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Why Christian leaders struggle with 'dark nights of the soul'

Why Christian leaders struggle with 'dark nights of the soul'

Unsplash/Sasha Freemind

If you read church history at all, you’ll learn that men as faithful to God as Martin Luther and Charles Spurgeon struggled with bouts of at least heaviness, if not depression. I’m convinced more church leaders than we know face these battles. Here are some reasons we do, followed by a simple suggestion when we struggle: 

  1. Our calling is a calling of God. We’re blessed to have that calling, but we still answer to the Creator of eternity. That’s a weighty reality that sometimes gets really heavy.  
  2. We work with life and death. In fact, we work in the light of eternity, reminding people of life and death matters. Just that fact can pound on our shoulders.
  3. We live with our own sin. No church leader I know wants to be hypocritical in front of church members, but all of us know our own sin issues. Our desire to be leaders of integrity  increases the burden of our own sin.
  4. Sometimes, few people respond to our leading. Jesus warned us that many would not choose the right path, but His warning doesn’t lessen the pain when few people respond positively to our ministry.
  5. We carry the weight of the burdens of others. Yes, we can pray and turn them over to God – but our heart still hurts when others hurt.
  6. Many of us have few real friends. Sometimes we’ve made that choice (wrongly, in my opinion), but it’s still lonely when you bear ministry alone.
  7. We don’t always use spiritual disciplines well. For some, disciplines are sporadic at best. For others, we turn to them only as a Band-Aid to try to legalistically fix our issues. Neither takes us closer to the God who wants to heal us.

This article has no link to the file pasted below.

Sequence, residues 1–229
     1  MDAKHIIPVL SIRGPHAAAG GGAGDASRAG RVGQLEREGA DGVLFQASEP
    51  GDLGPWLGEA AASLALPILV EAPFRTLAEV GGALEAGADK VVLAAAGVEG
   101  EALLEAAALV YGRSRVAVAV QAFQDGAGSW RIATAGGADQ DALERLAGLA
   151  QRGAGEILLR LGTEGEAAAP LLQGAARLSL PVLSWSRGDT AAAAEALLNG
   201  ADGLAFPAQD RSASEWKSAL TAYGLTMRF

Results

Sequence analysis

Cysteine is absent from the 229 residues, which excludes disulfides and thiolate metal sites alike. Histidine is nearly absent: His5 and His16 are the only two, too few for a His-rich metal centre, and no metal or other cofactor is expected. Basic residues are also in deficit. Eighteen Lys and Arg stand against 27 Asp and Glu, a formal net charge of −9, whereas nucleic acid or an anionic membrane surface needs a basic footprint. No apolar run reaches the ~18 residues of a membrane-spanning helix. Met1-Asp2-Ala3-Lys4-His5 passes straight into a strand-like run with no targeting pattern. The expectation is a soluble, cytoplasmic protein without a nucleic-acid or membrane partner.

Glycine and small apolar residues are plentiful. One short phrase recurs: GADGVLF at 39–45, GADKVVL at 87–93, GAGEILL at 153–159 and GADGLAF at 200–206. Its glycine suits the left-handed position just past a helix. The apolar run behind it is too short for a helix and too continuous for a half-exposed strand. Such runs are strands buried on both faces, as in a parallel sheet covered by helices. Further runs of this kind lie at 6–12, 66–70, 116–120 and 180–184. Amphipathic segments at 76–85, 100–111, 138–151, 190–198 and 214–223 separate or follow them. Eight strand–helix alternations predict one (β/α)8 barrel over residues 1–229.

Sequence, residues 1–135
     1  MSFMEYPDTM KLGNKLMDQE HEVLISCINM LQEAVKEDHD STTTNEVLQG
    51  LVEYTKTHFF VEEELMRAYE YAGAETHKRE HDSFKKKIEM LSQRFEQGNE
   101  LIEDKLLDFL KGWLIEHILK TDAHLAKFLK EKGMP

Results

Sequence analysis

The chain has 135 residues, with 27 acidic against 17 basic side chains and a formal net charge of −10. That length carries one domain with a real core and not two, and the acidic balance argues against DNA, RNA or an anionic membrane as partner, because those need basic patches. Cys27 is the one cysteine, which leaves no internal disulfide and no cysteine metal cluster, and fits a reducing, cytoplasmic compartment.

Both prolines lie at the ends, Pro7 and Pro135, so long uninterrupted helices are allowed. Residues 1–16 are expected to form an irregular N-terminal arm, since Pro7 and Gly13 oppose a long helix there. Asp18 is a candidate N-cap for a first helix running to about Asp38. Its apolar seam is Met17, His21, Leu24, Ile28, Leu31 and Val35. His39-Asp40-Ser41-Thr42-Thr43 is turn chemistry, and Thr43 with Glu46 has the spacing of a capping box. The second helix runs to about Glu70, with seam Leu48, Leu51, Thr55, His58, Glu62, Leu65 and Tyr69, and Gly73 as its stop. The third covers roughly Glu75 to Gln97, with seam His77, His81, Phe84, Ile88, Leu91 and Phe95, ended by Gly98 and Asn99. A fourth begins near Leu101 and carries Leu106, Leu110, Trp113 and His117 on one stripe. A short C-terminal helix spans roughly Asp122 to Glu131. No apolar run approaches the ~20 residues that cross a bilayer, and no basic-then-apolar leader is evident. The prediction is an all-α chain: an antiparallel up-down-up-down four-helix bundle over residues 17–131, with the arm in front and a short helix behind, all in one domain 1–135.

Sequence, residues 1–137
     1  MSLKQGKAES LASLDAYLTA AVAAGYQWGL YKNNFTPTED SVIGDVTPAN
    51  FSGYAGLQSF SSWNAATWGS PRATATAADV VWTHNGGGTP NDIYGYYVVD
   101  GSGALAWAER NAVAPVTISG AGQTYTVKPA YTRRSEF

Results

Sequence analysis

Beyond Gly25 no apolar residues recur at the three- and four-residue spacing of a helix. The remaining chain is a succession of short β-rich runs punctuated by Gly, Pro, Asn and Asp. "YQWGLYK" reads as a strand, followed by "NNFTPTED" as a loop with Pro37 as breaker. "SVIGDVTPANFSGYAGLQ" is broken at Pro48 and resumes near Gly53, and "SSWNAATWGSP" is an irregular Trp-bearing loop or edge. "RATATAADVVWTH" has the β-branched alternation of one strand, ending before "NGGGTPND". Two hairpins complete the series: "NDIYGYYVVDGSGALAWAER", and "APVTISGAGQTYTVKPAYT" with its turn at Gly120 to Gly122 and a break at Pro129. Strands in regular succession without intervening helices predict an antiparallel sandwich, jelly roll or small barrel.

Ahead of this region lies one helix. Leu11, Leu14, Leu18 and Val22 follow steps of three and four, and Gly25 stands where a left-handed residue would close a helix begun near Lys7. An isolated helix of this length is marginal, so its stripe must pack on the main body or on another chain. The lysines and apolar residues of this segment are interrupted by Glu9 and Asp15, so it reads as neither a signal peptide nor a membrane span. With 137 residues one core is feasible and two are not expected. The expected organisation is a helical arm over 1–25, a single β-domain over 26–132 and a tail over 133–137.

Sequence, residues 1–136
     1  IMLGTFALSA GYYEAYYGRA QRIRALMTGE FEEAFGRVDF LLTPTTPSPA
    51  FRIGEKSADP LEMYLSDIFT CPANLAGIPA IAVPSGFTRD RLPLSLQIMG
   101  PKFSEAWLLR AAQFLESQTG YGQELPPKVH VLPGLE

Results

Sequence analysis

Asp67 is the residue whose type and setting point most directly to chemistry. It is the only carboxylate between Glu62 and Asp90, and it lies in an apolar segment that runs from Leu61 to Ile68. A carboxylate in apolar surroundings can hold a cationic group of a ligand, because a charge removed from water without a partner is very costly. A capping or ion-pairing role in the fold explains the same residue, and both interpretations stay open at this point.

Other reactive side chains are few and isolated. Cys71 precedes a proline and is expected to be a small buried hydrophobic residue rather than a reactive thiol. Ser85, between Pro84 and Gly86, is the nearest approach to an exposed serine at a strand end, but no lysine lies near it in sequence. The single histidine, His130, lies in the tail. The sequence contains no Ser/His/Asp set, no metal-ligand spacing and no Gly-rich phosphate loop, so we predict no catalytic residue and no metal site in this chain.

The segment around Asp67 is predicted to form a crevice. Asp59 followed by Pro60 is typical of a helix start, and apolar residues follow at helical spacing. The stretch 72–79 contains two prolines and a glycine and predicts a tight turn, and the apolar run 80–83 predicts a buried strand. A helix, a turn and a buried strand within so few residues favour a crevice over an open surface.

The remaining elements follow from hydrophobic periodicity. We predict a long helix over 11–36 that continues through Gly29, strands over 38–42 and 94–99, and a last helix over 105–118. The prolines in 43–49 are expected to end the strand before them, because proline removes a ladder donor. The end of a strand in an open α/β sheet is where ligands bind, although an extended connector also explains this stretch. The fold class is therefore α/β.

8. We tend to be perfectionists. I don’t know many pastors who like to mess up. We want to do well, to please others as we serve God. Any failure brings pain.
  9. We haven’t learned the power of 2 Corinthians 12:10. We preach about strength in weakness, but we haven’t learned how to live it.
  10. We struggle with the dark night, and then beat ourselves up for being depressed. “No strong believer should feel this way,” we think – and the cycle continues.

If you’re struggling with this kind of anguish, I plead with you to talk with a brother or sister in Christ. You’re not the only one facing this battle, but you won’t likely win it if you battle alone. For all of us — let’s say a prayer today for our church leaders.  

This piece was originally published at Thom S. Rainer blog

Chuck Lawless currently serves as Professor of Evangelism and Missions and Dean of Graduate Studies at Southeastern Seminary. You can connect with Dr. Lawless on both Twitter and Facebook.

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